May 25, 2016
Hundreds of thousands of Londoners are set to benefit after the Mayor of London, Sadiq Khan, announced that the first all-night Tube services will run from 19 August on the Central and Victoria lines. The Night Tube will mean 24-hour weekend services for the first time in London’s history, helping to cut night-time journeys by an average of 20 minutes, with some cut by more than an hour.
It will play a vital role in opening up London’s night-time economy to a host of new opportunities, supporting around 2,000 permanent jobs and boosting London’s economy by £360m. It will help late-night revellers and shift-workers who currently have to rely on night buses or mini-cabs to get back to outer London after the Tube shuts down. The start of Night Tube services on the Jubilee, Northern and Piccadilly lines will follow in two separate phases later in the autumn as new Tube drivers complete their training and final preparations are made. Around 200 part-time drivers are currently taking part in a 14-week training programme to make the Night Tube a reality.
The Mayor of London, Sadiq Khan, said: “The Night Tube is absolutely vital to my plans to support and grow London’s night time economy – creating more jobs and opportunities for all Londoners. The constant delays under the previous Mayor let Londoners down badly. “I have made getting the Night Tube up and running a priority, and London Underground has now confirmed that services on the first two lines will launch on 19 August.” Demand for night-time travel is on the rise. Late night Tube usage is increasing at double the rate of daytime trips and demand for travel on night buses has risen by over 170 per cent since 2000.
To meet the expected demand for Night Tube services, there will be six trains per hour through central London on all Night Tube lines between 0030 and 0530. This will rise to eight trains per hour on the Northern line to meet demand at busy stations between Leicester Square and Camden Town. London will join just a handful of other international cities, including New York and Berlin, which also provide metro services through the night.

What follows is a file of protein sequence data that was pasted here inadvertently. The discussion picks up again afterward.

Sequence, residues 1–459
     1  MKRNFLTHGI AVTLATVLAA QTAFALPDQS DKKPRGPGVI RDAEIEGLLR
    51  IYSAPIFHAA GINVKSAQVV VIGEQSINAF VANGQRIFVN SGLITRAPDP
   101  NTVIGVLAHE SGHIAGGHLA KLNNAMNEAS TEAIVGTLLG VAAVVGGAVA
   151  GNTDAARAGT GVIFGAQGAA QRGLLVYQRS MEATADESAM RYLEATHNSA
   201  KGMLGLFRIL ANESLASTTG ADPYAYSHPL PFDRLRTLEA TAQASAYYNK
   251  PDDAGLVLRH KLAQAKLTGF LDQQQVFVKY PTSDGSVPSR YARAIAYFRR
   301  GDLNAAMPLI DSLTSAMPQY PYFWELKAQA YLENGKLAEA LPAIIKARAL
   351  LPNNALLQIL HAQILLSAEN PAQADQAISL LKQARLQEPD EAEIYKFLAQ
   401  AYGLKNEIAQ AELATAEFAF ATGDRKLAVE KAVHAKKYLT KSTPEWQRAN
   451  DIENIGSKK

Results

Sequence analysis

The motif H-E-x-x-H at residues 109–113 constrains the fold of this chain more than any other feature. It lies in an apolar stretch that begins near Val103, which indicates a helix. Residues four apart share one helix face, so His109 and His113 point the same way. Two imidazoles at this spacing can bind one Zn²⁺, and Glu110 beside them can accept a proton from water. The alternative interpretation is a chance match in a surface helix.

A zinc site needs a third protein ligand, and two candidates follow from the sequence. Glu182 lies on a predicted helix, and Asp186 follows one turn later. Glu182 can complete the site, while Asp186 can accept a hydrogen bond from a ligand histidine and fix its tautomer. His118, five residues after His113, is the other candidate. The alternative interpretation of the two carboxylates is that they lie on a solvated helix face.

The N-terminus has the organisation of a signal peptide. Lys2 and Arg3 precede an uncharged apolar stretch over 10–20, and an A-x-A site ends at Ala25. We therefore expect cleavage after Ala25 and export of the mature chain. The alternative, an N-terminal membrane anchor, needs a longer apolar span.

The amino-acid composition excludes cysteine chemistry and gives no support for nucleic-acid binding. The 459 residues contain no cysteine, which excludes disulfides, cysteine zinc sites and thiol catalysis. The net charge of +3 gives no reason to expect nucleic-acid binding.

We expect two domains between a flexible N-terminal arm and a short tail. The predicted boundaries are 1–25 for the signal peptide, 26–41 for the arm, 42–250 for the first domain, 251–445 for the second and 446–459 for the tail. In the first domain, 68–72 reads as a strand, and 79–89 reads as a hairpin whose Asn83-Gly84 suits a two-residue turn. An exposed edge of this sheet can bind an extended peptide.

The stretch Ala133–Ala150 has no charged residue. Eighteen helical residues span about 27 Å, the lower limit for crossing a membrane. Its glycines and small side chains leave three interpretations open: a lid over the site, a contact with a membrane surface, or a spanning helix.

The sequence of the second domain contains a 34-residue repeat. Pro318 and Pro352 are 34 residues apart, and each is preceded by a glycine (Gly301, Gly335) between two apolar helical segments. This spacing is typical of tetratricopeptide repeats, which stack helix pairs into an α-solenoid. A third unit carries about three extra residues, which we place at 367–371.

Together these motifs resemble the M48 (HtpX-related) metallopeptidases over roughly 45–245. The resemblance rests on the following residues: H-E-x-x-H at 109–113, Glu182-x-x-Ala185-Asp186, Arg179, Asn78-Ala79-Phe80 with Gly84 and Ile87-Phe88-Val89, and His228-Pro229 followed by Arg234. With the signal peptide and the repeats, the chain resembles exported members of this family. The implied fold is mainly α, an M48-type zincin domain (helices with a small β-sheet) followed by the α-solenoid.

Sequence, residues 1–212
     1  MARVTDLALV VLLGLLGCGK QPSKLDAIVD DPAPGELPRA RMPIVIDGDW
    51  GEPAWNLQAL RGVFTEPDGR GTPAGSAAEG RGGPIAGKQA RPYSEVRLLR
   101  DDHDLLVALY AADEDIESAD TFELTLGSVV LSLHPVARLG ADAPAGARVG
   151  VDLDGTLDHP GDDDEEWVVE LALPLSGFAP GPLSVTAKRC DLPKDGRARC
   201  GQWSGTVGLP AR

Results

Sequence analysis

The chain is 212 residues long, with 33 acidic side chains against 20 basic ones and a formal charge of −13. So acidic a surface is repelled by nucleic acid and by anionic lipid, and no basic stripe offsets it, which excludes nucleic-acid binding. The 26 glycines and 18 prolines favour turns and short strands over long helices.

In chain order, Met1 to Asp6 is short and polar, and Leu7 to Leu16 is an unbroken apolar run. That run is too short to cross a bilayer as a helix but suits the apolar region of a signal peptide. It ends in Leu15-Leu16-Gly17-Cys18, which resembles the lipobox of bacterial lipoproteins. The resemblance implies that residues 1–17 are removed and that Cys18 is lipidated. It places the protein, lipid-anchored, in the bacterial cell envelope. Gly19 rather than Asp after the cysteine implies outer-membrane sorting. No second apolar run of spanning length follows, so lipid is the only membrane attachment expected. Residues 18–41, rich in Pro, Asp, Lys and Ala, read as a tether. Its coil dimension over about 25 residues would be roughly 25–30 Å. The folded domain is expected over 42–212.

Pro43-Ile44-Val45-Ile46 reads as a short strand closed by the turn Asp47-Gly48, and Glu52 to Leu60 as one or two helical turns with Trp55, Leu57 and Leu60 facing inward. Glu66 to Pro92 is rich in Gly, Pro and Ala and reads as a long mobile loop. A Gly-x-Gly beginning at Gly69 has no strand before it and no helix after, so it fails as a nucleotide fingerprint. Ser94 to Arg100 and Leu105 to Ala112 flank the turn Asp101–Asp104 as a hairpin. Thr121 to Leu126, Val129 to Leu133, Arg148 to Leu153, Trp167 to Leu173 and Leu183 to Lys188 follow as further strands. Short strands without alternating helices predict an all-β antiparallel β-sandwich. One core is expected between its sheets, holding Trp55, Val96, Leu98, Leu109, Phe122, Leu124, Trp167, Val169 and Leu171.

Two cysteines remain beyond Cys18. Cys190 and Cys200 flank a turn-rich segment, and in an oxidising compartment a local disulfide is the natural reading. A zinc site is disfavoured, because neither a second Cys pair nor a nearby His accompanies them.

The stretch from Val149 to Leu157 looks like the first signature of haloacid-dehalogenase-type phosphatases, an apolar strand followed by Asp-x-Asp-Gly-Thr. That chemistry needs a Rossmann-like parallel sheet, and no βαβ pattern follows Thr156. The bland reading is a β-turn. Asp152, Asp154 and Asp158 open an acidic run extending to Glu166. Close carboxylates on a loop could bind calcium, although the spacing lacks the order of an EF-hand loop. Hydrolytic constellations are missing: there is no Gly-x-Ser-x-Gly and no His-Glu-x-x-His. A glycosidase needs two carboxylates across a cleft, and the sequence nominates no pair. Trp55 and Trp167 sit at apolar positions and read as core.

Independent research into the economic benefits of the Night Tube has found that the new service will help maintain London’s status as a vibrant and exciting place to live in, work in and visit. London’s Transport Commissioner, Mike Brown, said: “It is good news for London that the first ever all-night Tube service will be ready on 19 August. More than half a million people use the Tube after 10pm on Fridays and Saturdays, and the introduction of the Night Tube, which will support London’s businesses and jobs, is a historic step in our modernisation of the Underground and our work to support London’s economic growth.”
Introducing a Night Tube service forms part of a major programme to modernise the Tube with stations, trains, track and signalling being updated or replaced to provide more capacity for a growing city. Redevelopment work to increase capacity at key stations, and to make them step-free, is underway at a number of stations including Victoria, Tottenham Court Road and Bond Street. More than half of London Underground’s 270 stations have now been modernised or refurbished to make them brighter and easier to use, with improvements such as tactile strips, better CCTV and help points, electronic information displays in ticket halls and on platforms, and improved seating and lighting.
The new service will help Londoners get to work or get home at night quickly, safely and affordably, and will particularly benefit people working shifts early in the morning or late at night. It will also cut late-night journey times by an average of 20 minutes, and in some cases by more than an hour.
To meet the expected demand for Night Tube services, there will be six trains per hour through Central London on all Night Tube lines between 00:30 and 05:30:
The Night Tube will also play a vital role in showing the world that London Is Open by boosting the Capital’s economy by £77m a year by 2029, supporting around 2,000 permanent jobs and opening up London’s night-time economy to a host of new opportunities.
The Mayor is investing an extra £3.4 million towards policing for the Night Tube. This will see around 100 officers out on the network when full services are underway. There will be at least as many officers out during the night as would be seen during the day.
Once the Night Tube service launches, we will continue to meet with passengers, boroughs and other stakeholders to discuss our plans and listen carefully to feedback and concerns. This will include a dedicated forum with London Boroughs, residents’ and local business groups. We remain committed to ensuring the Night Tube supports London’s economic growth and global reputation, while being sensitive to the needs of our neighbours.